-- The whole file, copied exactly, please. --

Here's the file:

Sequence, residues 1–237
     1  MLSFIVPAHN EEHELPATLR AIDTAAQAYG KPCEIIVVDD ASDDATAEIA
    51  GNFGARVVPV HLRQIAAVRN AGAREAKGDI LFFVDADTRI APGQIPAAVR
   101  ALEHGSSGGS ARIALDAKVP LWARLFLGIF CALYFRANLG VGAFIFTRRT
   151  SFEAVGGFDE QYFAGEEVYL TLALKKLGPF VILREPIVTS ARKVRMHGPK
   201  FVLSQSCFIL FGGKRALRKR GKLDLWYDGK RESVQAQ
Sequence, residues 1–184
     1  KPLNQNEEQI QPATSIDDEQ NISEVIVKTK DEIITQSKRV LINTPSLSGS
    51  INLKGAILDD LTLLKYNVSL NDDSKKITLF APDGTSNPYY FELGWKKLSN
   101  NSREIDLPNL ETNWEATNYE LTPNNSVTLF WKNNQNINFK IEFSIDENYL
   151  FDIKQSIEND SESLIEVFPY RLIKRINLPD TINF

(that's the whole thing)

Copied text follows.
Sequence, residues 1–237
     1  MLSFIVPAHN EEHELPATLR AIDTAAQAYG KPCEIIVVDD ASDDATAEIA
    51  GNFGARVVPV HLRQIAAVRN AGAREAKGDI LFFVDADTRI APGQIPAAVR
   101  ALEHGSSGGS ARIALDAKVP LWARLFLGIF CALYFRANLG VGAFIFTRRT
   151  SFEAVGGFDE QYFAGEEVYL TLALKKLGPF VILREPIVTS ARKVRMHGPK
   201  FVLSQSCFIL FGGKRALRKR GKLDLWYDGK RESVQAQ
Sequence, residues 1–184
     1  KPLNQNEEQI QPATSIDDEQ NISEVIVKTK DEIITQSKRV LINTPSLSGS
    51  INLKGAILDD LTLLKYNVSL NDDSKKITLF APDGTSNPYY FELGWKKLSN
   101  NSREIDLPNL ETNWEATNYE LTPNNSVTLF WKNNQNINFK IEFSIDENYL
   151  FDIKQSIEND SESLIEVFPY RLIKRINLPD TINF